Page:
The 11th Circuit dissects summary judgment review in Brooks v. Miller. The published opinion was on August 22, 2023.
Brooks sued Miller (a police officer) for false arrest, excessive force, and deliberate indifference. The incident was recorded—part audio/video and part just audio because the video went black (Brooks claimed the video was tampered with). Officer Miller moved for summary judgment based on qualified immunity. There were 3 versions of the incident: Brooks’s, Officer Miller’s, and the video. The district court granted Officer Miller’s motion.
The 11th Circuit explained that, when reviewing an order on summary judgment, an appellate court ordinarily views the evidence in the light most favorable to the non-moving party (here, Brooks). But, under a 2007 U.S. Supreme Court opinion called Scott v. Harris, “when a video proves that the plaintiff can’t be telling the truth, we don’t accept the facts as he alleges them, even for purposes of deciding a summary-judgment motion.”
The 11th Circuit decided Brooks’s claims as follows.
- False Arrest (SMJ affirmed): The dashcam footage “prove[d] definitively that Miller did not falsely arrest Brooks.”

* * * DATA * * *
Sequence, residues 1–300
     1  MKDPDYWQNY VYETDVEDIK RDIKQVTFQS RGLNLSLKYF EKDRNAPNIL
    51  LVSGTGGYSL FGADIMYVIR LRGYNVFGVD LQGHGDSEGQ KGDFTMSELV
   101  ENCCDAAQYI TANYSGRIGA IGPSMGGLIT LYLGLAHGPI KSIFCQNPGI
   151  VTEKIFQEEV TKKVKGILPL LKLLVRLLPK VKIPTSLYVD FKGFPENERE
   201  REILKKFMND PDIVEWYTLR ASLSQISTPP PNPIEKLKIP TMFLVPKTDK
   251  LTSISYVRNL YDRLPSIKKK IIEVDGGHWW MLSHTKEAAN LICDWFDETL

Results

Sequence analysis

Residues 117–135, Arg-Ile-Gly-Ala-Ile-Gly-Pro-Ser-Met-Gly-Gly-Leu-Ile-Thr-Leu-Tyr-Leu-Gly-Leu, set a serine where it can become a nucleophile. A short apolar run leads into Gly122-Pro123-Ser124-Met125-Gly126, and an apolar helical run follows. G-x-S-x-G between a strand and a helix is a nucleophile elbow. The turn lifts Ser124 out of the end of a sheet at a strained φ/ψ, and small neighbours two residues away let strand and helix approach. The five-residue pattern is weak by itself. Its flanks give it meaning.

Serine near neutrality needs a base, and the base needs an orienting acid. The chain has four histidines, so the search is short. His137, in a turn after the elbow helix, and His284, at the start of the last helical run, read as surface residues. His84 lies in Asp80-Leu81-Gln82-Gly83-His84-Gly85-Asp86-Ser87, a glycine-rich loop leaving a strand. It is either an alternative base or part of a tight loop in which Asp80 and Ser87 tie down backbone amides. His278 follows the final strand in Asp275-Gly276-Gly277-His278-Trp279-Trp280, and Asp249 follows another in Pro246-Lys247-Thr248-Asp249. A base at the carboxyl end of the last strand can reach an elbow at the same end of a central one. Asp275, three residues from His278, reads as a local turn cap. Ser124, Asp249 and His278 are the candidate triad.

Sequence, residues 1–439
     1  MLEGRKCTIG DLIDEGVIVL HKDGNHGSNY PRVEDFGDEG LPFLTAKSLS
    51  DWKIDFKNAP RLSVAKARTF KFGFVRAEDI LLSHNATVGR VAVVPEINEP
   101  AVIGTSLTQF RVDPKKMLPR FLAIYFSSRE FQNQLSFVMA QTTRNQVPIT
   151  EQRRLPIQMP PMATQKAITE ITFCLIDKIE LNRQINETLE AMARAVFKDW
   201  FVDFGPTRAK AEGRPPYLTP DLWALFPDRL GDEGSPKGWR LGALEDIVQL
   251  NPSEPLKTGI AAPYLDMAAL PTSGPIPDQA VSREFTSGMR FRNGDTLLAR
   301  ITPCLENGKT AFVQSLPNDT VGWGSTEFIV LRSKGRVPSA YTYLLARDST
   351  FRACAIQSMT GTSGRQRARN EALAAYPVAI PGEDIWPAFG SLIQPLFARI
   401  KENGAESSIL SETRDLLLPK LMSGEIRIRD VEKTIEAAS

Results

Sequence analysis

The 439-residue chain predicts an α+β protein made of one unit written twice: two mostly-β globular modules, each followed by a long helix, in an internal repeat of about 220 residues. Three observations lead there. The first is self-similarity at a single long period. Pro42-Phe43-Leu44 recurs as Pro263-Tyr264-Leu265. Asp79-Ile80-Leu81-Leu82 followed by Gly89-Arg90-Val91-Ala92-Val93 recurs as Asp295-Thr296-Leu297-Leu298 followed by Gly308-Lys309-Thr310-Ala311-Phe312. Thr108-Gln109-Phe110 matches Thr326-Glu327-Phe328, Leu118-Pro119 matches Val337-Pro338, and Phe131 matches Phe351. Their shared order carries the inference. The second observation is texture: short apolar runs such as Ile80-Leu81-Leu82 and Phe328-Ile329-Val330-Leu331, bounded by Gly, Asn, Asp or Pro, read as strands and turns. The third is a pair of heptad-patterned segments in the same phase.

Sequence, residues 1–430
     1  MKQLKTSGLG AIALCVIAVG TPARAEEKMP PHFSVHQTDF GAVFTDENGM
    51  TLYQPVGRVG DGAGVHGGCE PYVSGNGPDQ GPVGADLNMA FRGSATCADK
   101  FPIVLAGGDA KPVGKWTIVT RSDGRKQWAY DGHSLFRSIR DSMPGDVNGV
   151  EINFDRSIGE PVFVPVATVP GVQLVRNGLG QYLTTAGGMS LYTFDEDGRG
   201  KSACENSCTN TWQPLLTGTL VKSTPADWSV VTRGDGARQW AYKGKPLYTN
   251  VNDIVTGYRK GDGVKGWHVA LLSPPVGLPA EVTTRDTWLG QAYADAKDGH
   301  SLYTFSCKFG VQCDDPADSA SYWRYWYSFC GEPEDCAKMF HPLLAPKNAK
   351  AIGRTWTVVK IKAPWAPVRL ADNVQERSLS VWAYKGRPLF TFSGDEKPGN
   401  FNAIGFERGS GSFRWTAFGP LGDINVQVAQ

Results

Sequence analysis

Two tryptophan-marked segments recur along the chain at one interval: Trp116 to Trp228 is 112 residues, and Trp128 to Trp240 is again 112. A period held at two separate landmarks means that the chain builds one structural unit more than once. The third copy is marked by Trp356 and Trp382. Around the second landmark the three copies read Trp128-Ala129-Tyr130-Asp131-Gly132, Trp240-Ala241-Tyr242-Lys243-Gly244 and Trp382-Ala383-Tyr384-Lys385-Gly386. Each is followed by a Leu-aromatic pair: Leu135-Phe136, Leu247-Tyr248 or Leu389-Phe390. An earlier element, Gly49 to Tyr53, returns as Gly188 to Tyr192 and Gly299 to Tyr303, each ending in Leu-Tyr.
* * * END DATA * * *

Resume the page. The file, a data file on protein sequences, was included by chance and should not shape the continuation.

- Deliberate Indifference (SMJ affirmed): The dashcam did not resolve the issue, but Brooks failed to show that “any violation Officer Miller may have committed was clearly established.”
- Excessive Force (SMJ reversed and remanded): Video of the alleged acts of excessive force were not recorded by the dashcam, but the audio was recorded. Because the audio did not “clearly contradict” Brooks’s story, the court defaulted to the “usual rule” and accepted Brooks’s version of the events.
Judge Jordan, concurring in full, pointed out that Brooks’s claim that the video was tampered with was irrelevant because the absence of video did not factor into the court’s decision on the deliberate indifference claim nor did it matter on the excessive force claim because the court reversed as to that claim.